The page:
Gill-Bloyer said her group decided to write the letter after they called the Office of Local School Council Relations and were told the background checks would be enforced. The group was told that council members who didn’t comply could be removed as early as this fall.    

Calling the background checks and fingerprinting an “unacceptably high barrier to participation” for Hispanic/Latinx families, whose children make up nearly half of the Chicago’s public school population, the letter asks district leadership to reclassify Local School Council members as Level II volunteers — a category that doesn’t require fingerprinting. Council members tend to meet only a few hours per month in schools, often after school hours, and are not typically alone with children.

We understand the necessity of thoroughly screening all adults who work with and around our children in light of the horrifying revelations of sexual abuse and assault,” the letter reads. But, with respect to Local School Council members, “a blanket solution has created unwanted and unintended consequences.”

A Level II volunteer is the same status conferred to a parent who volunteers to go on a field trip or who volunteers in a school for fewer than 10 hours a week. Similarly, those volunteers are not allowed to be alone with children. Level I volunteer status — which requires fingerprinting and background checks — covers coaches and chaperones of overnight field trips.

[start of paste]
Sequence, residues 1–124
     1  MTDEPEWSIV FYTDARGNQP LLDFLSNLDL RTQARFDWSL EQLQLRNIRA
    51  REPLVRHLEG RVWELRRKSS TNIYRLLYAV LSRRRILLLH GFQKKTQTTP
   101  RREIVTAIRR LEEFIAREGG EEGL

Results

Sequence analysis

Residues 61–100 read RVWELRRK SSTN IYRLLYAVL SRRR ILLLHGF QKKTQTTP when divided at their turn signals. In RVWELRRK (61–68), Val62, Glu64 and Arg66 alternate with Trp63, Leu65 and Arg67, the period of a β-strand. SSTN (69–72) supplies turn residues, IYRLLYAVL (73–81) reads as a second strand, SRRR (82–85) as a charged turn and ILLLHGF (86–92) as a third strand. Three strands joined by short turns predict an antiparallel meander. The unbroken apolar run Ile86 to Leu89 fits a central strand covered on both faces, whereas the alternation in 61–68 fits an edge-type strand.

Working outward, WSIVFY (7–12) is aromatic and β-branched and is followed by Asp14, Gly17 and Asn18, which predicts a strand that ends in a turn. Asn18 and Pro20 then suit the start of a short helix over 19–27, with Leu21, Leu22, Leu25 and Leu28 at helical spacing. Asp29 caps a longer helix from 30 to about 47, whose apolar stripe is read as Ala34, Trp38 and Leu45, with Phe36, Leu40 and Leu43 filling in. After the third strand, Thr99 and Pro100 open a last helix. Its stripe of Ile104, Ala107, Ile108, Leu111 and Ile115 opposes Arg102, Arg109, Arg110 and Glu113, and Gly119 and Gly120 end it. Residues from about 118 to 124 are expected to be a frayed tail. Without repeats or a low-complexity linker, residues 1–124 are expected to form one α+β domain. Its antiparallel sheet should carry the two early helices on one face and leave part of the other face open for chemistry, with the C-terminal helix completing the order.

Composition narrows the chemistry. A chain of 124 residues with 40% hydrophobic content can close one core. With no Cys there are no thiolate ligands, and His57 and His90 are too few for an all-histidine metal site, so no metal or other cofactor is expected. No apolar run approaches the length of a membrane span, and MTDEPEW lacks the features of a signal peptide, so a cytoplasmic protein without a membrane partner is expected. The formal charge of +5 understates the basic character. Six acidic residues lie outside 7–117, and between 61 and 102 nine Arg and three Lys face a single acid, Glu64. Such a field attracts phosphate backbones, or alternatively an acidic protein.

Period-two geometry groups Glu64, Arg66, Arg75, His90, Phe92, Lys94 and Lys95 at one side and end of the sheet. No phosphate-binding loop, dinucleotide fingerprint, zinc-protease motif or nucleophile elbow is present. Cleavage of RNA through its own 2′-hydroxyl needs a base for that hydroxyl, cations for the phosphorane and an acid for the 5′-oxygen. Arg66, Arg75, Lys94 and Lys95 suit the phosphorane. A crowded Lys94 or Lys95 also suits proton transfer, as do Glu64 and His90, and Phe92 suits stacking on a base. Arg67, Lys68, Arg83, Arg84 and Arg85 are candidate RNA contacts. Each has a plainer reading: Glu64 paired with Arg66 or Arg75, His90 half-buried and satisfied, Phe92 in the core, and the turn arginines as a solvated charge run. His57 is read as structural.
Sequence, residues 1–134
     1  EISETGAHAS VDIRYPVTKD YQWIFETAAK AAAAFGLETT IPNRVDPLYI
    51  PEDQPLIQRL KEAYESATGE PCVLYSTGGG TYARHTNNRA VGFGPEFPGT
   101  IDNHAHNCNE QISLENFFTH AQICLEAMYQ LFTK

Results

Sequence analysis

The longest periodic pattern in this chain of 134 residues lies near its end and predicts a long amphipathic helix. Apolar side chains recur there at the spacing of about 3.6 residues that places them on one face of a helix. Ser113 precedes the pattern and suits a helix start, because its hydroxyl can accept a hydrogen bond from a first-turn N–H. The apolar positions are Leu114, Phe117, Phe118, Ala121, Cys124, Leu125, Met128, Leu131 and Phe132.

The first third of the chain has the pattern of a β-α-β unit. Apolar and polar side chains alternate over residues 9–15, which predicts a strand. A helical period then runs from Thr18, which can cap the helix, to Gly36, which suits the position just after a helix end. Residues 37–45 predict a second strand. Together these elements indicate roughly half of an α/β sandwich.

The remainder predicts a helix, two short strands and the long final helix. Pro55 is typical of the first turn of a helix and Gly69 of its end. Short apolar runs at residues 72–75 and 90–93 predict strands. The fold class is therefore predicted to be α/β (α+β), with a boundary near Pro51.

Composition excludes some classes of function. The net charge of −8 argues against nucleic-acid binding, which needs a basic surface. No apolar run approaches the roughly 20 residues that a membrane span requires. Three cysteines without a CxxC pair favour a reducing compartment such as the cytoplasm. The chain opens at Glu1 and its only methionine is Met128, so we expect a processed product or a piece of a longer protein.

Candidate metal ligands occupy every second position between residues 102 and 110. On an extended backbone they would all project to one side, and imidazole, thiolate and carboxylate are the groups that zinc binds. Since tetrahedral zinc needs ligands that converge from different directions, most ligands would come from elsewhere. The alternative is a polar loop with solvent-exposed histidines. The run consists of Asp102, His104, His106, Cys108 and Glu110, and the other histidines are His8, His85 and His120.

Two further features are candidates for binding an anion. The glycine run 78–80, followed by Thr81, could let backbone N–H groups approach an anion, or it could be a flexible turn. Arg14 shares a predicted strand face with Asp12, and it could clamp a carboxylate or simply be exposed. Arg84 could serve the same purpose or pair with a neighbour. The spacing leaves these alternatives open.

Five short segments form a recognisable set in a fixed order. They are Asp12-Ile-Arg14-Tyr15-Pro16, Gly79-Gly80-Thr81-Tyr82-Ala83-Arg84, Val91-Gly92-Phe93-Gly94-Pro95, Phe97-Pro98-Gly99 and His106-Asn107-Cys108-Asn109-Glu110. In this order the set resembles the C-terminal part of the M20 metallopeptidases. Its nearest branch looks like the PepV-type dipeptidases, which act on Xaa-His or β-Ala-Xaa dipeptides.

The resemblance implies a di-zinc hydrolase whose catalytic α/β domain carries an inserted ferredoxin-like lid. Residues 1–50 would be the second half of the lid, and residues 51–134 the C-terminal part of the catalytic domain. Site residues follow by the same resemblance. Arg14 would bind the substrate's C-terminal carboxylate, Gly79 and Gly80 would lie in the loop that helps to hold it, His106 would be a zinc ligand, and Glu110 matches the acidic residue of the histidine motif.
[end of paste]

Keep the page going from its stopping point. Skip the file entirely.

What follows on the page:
The letter says that requiring school council members to submit their fingerprints and personal information to an electronic database for background checks exposes undocumented members and their dependents to “the very real risk” of having their information shared with Immigration and Customs Enforcement agents.

Chicago has adopted the “sanctuary city” designation, which essentially means that city officials pledge to limit cooperation with federal law enforcement in deportation cases, unless a resident was involved in a serious crime. The letter notes that stance when asking for the reclassification of school council members to Level II volunteer status.